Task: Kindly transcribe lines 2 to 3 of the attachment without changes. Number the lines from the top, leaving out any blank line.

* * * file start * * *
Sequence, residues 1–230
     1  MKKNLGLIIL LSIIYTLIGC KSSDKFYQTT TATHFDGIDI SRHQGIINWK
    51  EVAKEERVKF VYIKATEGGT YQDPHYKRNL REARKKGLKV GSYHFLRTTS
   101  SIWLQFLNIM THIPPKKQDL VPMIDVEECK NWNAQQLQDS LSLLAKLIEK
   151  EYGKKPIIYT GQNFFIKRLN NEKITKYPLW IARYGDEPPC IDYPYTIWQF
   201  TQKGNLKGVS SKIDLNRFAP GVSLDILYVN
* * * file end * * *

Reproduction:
     1  MKKNLGLIIL LSIIYTLIGC KSSDKFYQTT TATHFDGIDI SRHQGIINWK
    51  EVAKEERVKF VYIKATEGGT YQDPHYKRNL REARKKGLKV GSYHFLRTTS